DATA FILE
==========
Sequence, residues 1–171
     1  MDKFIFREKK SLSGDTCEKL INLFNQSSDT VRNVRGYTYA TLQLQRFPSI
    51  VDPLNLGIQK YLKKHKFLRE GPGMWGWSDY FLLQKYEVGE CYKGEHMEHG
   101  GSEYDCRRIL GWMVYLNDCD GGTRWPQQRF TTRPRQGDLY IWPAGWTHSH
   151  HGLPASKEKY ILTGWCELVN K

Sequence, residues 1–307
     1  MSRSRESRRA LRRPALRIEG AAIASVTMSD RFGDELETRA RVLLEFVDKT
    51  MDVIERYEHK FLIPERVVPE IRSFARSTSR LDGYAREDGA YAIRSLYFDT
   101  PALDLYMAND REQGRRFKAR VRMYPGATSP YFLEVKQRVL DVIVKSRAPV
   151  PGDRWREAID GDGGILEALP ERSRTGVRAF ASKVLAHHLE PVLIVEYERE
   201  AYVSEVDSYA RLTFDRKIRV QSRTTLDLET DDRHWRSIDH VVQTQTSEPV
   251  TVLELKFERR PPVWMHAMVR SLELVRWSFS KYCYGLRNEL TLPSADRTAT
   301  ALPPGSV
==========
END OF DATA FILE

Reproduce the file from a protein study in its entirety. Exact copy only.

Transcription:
Sequence, residues 1–171
     1  MDKFIFREKK SLSGDTCEKL INLFNQSSDT VRNVRGYTYA TLQLQRFPSI
    51  VDPLNLGIQK YLKKHKFLRE GPGMWGWSDY FLLQKYEVGE CYKGEHMEHG
   101  GSEYDCRRIL GWMVYLNDCD GGTRWPQQRF TTRPRQGDLY IWPAGWTHSH
   151  HGLPASKEKY ILTGWCELVN K

Sequence, residues 1–307
     1  MSRSRESRRA LRRPALRIEG AAIASVTMSD RFGDELETRA RVLLEFVDKT
    51  MDVIERYEHK FLIPERVVPE IRSFARSTSR LDGYAREDGA YAIRSLYFDT
   101  PALDLYMAND REQGRRFKAR VRMYPGATSP YFLEVKQRVL DVIVKSRAPV
   151  PGDRWREAID GDGGILEALP ERSRTGVRAF ASKVLAHHLE PVLIVEYERE
   201  AYVSEVDSYA RLTFDRKIRV QSRTTLDLET DDRHWRSIDH VVQTQTSEPV
   251  TVLELKFERR PPVWMHAMVR SLELVRWSFS KYCYGLRNEL TLPSADRTAT
   301  ALPPGSV